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China’s misuse of antibiotics should be curbed

BMJ 2014; 348 doi: (Published 12 February 2014) Cite this as: BMJ 2014;348:g1083
  1. Yan Li, lecturer, School of Arts and Humanities, Nottingham Trent University, Nottingham, United Kingdom

Pressure from patients and perverse financial incentives are just two of many factors that conspire to encourage potentially dangerous overuse of antibiotics in China, writes Yan Li

China has a high rate of antibiotic use for inpatients and outpatients. On average, each Chinese person consumes 138 g of antibiotics a year—10 times that consumed in the United States. About 75% of patients with seasonal influenza are estimated to be prescribed antibiotics, and the rate of antibiotic prescription for inpatients is 80%.1 The World Health Organization recommends a maximum of 30%.2 About 97% of surgical patients in China are given antibiotics.3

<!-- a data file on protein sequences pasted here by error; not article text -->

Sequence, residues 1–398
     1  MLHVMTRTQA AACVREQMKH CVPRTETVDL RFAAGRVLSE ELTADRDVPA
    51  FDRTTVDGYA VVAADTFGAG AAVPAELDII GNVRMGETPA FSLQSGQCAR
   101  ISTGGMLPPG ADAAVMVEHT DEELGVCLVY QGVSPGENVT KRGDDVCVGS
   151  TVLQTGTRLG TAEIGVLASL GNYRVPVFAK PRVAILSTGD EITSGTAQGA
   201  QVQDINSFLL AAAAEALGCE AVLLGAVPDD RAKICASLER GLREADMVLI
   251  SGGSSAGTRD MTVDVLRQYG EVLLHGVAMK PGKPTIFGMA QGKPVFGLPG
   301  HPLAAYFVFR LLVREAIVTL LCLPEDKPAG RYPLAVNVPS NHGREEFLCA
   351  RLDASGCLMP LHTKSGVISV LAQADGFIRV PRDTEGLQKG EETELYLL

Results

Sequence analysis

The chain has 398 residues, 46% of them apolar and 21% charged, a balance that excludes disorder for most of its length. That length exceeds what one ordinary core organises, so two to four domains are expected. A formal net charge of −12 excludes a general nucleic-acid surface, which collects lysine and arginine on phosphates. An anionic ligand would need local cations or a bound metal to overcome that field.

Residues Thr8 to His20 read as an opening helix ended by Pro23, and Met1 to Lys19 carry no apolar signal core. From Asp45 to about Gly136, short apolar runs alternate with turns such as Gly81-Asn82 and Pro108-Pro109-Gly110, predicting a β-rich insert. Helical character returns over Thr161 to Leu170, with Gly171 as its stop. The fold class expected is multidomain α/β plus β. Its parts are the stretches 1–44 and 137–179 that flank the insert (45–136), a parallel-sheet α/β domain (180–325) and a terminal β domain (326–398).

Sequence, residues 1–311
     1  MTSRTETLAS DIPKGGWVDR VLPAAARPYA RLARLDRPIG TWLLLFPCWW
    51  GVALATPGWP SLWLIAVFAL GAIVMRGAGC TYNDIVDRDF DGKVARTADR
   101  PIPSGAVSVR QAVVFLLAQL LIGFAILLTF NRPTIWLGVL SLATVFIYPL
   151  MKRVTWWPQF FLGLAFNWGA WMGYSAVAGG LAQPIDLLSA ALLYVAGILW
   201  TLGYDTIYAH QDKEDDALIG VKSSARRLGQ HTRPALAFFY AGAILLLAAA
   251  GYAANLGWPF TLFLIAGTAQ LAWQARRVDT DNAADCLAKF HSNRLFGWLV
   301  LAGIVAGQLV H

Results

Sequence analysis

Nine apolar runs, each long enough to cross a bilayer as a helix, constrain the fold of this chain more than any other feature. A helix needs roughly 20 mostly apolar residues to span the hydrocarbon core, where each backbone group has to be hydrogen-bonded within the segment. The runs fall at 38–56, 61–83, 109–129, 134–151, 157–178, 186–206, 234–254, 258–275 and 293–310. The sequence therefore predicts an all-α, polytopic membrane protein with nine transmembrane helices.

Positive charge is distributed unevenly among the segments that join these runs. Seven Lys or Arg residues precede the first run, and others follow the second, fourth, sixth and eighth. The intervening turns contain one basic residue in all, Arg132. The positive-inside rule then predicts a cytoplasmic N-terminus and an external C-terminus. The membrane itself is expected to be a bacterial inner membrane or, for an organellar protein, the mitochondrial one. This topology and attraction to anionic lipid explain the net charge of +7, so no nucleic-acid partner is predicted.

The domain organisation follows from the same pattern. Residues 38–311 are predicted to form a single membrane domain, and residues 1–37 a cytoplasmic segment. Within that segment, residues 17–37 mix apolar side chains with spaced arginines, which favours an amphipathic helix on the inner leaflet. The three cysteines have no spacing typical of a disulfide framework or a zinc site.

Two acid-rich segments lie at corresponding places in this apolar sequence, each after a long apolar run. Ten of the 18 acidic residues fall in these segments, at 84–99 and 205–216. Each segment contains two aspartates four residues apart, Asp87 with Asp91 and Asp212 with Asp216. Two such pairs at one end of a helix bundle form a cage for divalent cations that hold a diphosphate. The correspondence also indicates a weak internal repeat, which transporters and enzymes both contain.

In many primary healthcare centres in China, antibiotics are regarded as a panacea. However, they have no effect on viral infections such as the common cold. They are also ineffective against sore throats, which are usually viral and resolve spontaneously.4

Antibiotic misuse is not helpful to treatment and can damage the body in different ways. Irrational use of antibiotics can lead to drug resistance, toxicity, and allergic reactions.5 The effectiveness of antibiotics is under threat from misuse in China because of diseases mutating to develop …

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